The latest industry news to your inbox.

I'd like to hear about marketing opportunities


I accept IQ Magazine's Terms and Conditions and Privacy Policy


New US visa rules to vet artists’ socials

Could a controversial new requirement to hand over social media handles to US immigration lead to difficulties for performers? Visa experts weigh in…

By Jon Chapple on 04 Jun 2019

US secretary of state Mike Pompeo

US secretary of state Mike Pompeo

image © Gage Skidmore

In a further obstacle for foreign artists braving an already “complex and unreliable” application process, the American state department has declared that it now requires “social media identifiers” to be included in nearly all applications for US visas.

In what the Associated Press calls a “vast expansion of the Trump administration’s enhanced screening of potential immigrants and visitors”, virtually all applicants for a United States visa – only certain diplomatic and official visa types are excluded – will need to provide their usernames for most social media accounts, including Facebook, Instagram, Twitter and Flickr, as well as all previous email addresses, used in the previous five years.

The changes are expected to affect around 14 million non-immigrant visa applications, including thousands by musicians, entertainers and performers. While the state department claims the new rules will help keep Americans safe while still allowing “legitimate travel” to the US, civil liberties groups have warned the move could lead to individuals hostile to the current administration being barred from entering the country.

Andy Corrigan of UK-based entertainment visa specialist Viva La Visa, whose clients include Ed Sheeran, Elton John and Mumford and Sons, says the new questions on the non-immigrant visa application form, known as DS-160, “could have an impact on applicants” from the entertainment business, noting that “there have been cases where people have been refused entry to the US because of what they have said in the media”. (In US immigration law, a conviction is not needed to prove a criminal act took place.)

“For instance,” he explains, “possession or use of controlled substances usually makes one ineligible to receive a US visa. There is no requirement for a conviction – an admission of committing the act is sufficient.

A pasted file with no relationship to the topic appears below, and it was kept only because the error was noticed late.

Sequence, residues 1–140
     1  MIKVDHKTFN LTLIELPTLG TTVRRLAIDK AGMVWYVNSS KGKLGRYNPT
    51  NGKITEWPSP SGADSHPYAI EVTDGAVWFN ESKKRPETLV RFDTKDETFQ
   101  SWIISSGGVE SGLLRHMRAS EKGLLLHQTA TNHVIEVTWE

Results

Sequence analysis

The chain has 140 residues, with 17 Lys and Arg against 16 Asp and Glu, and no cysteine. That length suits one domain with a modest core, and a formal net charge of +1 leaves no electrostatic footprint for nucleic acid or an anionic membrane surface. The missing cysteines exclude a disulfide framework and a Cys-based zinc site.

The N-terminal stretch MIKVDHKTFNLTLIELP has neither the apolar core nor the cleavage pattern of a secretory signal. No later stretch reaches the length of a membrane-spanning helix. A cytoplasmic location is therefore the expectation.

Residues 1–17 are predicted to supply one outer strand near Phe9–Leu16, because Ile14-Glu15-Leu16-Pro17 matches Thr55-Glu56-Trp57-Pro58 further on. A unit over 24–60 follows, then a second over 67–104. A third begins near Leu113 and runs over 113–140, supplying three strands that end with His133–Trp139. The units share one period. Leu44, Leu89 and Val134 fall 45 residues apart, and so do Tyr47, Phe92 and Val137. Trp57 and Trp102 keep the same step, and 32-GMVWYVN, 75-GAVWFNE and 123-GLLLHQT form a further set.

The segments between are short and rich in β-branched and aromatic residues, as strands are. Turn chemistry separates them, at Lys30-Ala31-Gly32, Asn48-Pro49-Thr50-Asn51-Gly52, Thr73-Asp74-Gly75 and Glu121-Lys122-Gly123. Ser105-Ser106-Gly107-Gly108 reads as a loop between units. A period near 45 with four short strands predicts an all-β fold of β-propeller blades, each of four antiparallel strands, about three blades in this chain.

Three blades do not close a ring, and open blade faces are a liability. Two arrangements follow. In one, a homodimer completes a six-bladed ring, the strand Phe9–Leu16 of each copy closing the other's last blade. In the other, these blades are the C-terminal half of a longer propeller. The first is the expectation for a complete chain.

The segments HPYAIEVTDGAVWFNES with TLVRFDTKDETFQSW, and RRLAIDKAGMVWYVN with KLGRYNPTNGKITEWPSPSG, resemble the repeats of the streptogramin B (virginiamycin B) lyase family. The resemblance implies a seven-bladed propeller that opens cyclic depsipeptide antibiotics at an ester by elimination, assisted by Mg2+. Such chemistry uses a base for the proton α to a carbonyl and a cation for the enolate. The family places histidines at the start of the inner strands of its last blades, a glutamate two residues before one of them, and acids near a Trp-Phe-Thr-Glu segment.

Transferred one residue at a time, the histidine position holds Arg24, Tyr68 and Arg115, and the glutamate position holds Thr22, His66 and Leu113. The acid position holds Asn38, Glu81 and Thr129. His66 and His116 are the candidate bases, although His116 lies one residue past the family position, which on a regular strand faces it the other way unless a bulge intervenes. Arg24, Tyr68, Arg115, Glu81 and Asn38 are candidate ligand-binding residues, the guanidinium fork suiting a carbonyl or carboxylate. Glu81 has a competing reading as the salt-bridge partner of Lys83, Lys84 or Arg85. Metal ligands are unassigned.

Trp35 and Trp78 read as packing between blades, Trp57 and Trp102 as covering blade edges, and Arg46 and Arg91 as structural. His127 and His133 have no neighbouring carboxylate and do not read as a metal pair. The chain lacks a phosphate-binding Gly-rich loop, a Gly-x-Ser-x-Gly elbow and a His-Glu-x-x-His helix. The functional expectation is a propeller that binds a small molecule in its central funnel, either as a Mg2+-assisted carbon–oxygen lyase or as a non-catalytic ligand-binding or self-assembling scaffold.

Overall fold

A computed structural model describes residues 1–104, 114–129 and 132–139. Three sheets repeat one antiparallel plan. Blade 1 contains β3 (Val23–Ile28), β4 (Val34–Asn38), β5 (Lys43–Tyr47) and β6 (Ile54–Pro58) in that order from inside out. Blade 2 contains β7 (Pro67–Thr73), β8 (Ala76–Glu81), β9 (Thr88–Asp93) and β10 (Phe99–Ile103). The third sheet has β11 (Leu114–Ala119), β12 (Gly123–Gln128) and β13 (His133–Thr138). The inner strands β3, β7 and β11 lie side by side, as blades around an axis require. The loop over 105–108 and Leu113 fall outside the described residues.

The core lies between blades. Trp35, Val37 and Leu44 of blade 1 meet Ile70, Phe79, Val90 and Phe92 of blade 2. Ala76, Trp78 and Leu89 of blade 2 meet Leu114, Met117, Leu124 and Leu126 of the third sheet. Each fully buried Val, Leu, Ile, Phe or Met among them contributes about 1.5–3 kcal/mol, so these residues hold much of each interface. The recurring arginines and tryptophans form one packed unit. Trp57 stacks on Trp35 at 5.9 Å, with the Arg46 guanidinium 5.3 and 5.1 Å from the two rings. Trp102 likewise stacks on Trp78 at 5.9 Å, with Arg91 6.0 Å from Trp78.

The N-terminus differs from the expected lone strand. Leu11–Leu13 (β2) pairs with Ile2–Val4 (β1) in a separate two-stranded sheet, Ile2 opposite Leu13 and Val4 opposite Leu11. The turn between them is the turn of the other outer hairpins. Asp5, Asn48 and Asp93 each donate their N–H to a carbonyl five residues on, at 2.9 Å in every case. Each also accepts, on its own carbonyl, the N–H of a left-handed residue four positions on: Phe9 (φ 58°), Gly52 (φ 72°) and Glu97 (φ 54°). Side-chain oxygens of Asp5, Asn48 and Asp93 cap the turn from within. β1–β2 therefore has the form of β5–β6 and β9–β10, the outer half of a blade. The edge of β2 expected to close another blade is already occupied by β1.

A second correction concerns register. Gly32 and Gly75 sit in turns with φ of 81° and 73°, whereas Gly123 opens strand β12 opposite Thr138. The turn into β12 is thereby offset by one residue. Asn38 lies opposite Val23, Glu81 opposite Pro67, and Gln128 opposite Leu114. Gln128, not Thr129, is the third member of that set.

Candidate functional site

“Celebrity cook Nigella Lawson was denied boarding of a flight to the US because of her in-court admission of drug use; she was not charged. We understand she was later issued with a visa.”

Sophie Kirov of Australian touring consultancy Badlands Group says while “applicants should not be overtly concerned that their visa will be denied”, it’s important the information provided on the DS-160 is consistent with posts on social media platforms (ie no telling US authorities you’re a clean-living non-terrorist while posting about your chronic cocaine use and jihadist tendencies online).

“There have been cases where applicants have been denied because of what they have said in the media”

“Misrepresentation can make you inadmissible for entry to the US,” confirms Corrigan. “If they ask if you’ve ever contravened a law regarding a controlled substance, and you lie – that misrepresentation is generally regarded as seriously as the original offence.”

Corrigan says Viva La Visa has, “as yet, had no cases relating to the new questions, but they only came in yesterday.”

Despite the seemingly drastic changes, he explains the state department has not actually made “a huge change in policy”.

“It’s happening already,” he says. “We know they’ve been googling people – we’ve had artists who have gone in for their interview at the embassy and they’ve looked them up online there and then,” he adds. “So this is largely a logical extension of that existing policy.”

Hina Shamsi of the American Civil Liberties Union (ACLU), which opposes the new rules, says the requirement to hand over social media details is “dangerous and problematic”, and “does nothing to protect security concerns but raises significant privacy concerns and First Amendment issues for citizens and immigrants”.

She tells the New York Times: “Research shows that this kind of monitoring has chilling effects, meaning that people are less likely to speak freely and connect with each other in online communities that are now essential to modern life.”

The state department, meanwhile, says it is “constantly working to find mechanisms to improve our screening processes to protect US citizens while supporting legitimate travel to the United States”.


Get more stories like this in your inbox by signing up for IQ Index, IQ’s free email digest of essential live music industry news.